Rick Carlisle ran this play with the Dallas Mavericks to great success. This play works well because of multiple screens and misdirection. You can put your players into whatever positions you’d like. What is shown here is simply a suggestion.
To start the play, we have our point guard inbounding, 5 is on the low end of the stack followed by your two guards and then a forward at the top of the stack. This is a lineup you can play with. Your best shooter, should be at the top of the stack. It doesn’t matter what position they play. Your weakest player should be the second in line. On the BREAK call, 3 sets a rub screen for 5 and clears to the opposite side. Many times x5 is in a bad position to fight this screen because they are protecting the rim. If your 5 man can shoot, they may very well be wide open here. One detail you cannot see on the diagram is that 2 should be facing 4. It throws the defense off for the next action.
2 fakes like he is going screen for 4 but really just clears to the wing as 4 dives to the rim. 4 is going to screen x1 and try to free up your point guard for an easy score inside.
On the catch 2 should be looking inside first, to the inbounder who has entered the play off a screen from 4. If you have a good post player that you would prefer to be inbounder that works fine here too. But if you get this look, it is going to be wide open and it shouldn’t matter who is making the catch so long as they can finish at the rim. After 4 sets the down screen he curls off a flare screen from 5. His defender will almost always be trailing the screen and 5 actually ends up screening his own man sometimes simply to free up a corner 3.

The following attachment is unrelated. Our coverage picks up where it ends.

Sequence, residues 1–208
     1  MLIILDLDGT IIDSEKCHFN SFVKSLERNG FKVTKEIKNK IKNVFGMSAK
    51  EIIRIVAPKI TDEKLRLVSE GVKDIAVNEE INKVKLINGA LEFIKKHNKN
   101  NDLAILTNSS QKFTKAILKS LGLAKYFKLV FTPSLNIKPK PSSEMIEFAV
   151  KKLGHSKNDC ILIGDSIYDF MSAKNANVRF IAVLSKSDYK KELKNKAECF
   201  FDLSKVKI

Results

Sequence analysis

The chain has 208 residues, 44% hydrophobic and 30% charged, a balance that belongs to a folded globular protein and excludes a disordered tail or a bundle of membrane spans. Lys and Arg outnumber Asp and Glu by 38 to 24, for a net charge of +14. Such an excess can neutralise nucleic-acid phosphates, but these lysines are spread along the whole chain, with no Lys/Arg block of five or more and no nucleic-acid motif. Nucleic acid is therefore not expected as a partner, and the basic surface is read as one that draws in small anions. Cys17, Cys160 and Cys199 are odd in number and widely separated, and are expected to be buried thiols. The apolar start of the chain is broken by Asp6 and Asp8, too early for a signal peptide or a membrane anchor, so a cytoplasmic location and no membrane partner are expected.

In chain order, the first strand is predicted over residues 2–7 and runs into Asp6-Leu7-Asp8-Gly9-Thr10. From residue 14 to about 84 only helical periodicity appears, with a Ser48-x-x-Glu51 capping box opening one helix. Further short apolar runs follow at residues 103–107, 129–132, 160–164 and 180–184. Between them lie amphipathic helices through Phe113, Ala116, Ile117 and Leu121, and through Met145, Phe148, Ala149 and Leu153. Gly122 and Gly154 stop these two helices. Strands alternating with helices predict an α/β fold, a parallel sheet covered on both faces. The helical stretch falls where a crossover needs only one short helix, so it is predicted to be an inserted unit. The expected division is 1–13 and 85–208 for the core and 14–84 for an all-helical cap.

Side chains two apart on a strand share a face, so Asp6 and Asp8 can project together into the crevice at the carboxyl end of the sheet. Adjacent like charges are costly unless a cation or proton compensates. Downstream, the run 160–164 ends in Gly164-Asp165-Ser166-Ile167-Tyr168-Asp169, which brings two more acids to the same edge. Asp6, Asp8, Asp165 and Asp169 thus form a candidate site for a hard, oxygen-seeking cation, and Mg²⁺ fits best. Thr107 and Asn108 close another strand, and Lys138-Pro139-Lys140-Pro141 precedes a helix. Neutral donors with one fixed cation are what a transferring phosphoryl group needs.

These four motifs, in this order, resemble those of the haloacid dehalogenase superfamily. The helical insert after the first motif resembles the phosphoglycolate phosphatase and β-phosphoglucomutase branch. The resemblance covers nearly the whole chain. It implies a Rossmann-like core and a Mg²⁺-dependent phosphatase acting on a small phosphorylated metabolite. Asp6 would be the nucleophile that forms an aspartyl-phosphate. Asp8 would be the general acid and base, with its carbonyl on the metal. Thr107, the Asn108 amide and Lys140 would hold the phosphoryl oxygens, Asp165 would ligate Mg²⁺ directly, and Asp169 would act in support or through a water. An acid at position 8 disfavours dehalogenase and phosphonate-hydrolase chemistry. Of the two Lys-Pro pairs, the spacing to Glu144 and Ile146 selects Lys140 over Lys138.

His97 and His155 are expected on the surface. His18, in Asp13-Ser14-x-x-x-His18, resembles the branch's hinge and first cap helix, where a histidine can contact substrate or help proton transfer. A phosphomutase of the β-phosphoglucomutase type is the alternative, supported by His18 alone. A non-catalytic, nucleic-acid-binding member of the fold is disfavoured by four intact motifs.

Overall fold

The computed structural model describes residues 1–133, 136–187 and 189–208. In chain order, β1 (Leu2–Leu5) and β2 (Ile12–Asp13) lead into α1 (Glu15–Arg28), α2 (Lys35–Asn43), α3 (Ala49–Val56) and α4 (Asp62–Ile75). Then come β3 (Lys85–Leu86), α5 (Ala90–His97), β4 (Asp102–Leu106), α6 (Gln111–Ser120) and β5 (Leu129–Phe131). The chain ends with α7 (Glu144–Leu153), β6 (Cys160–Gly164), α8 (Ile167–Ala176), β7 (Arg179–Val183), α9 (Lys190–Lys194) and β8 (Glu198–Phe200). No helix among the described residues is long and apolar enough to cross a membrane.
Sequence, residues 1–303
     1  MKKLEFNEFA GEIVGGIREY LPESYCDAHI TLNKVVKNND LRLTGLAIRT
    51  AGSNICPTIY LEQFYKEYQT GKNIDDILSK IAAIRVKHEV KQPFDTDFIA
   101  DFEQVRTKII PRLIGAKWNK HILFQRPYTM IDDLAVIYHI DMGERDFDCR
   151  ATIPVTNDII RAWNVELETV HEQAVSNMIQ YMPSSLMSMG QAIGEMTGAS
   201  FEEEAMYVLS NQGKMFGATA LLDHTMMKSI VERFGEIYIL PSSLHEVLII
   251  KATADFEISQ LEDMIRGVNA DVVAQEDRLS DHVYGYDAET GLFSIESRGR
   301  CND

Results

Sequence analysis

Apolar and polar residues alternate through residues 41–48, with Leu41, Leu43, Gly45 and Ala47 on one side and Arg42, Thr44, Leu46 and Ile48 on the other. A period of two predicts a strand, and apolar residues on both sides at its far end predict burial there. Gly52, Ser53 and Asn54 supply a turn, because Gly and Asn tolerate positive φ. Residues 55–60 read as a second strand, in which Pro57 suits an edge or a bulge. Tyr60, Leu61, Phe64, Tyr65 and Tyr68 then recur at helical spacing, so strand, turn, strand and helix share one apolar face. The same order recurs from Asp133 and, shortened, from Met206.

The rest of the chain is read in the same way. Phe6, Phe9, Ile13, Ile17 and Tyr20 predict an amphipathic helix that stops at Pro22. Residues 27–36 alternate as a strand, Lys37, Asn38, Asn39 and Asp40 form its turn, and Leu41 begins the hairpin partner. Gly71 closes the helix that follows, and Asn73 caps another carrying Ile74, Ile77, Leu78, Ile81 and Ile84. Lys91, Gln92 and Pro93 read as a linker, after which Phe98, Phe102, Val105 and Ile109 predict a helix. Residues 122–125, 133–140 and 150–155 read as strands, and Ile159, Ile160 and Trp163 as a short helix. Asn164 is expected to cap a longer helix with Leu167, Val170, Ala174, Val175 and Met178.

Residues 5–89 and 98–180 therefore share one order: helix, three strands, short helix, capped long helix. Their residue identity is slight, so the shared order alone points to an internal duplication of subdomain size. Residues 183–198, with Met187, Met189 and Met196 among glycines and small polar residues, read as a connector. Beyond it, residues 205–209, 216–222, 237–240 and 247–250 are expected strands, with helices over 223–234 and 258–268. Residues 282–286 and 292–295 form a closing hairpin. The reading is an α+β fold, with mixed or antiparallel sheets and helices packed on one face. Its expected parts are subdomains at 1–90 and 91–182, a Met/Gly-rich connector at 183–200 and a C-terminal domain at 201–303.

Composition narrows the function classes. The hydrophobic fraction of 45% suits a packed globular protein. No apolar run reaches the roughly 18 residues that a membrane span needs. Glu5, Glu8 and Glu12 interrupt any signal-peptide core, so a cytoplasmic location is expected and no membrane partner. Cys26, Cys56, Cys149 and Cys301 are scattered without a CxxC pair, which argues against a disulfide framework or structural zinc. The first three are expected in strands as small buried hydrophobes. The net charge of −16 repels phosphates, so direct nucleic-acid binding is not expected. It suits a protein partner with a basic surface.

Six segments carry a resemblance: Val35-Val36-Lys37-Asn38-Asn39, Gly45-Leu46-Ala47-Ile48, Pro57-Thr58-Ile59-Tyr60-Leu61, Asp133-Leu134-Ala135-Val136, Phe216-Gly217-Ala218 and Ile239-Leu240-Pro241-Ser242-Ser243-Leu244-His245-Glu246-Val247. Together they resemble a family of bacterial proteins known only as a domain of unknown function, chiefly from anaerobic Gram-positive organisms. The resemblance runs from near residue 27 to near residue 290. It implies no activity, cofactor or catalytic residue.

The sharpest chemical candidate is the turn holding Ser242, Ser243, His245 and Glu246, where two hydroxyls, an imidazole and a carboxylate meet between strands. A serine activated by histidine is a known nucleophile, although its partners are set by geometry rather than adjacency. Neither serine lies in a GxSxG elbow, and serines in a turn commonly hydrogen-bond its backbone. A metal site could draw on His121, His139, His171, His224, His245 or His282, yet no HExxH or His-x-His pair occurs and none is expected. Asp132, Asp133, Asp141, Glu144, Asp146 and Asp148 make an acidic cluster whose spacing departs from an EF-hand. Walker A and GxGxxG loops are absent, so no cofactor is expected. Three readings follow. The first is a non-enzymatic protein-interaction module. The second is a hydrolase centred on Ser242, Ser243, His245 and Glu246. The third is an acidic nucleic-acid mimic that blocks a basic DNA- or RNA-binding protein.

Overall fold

We call this play three weak, because the look we want to get is a three from the weakside, but you can call it whatever you want. There are two layup looks for your big men, and there are two three point looks for your shooters. This is a good late clock play as well because whoever catches the inbounds pass is likely open to shoot.
Again, this set up is a suggestion, but in basic you want your best decision maker inbounding the ball and your best shooter on the block right in front of him.On the BREAK call, 4 screens for 3 and then gets a back screen from 2. We may get a layup here, but a good defensive team will often take that away. This is fine as it sets us up for an easy inbounds catch where we want it.If 3 is open and has range you may get a look here especially if the defense has overcrowded the paint to protect against a layup.
After 2 sets that back screen he cuts to the weakside getting a screen from 5. 5 dives to the rim after the screen. The look we want to get here is a wide open jump shot from 2. If that is taken away, 5 might be open if he cuts hard to the rim and seals his defender.
To learn more…
To see more out of bounds work from Brad Stevens and the Celtics:
To see more out of bounds plays from Rick Carlisle and the Dallas Mavericks:
Closing thoughts from Coach Ben Murphy: (@benjaminmurph55)
Out of bounds plays probably account for more of your possessions than you think. They are also the situation where you can put players in the exact place you want them so they are in position to score. So it only makes sense to put in a few sets that allow efficient shots for your best shooters and scorers.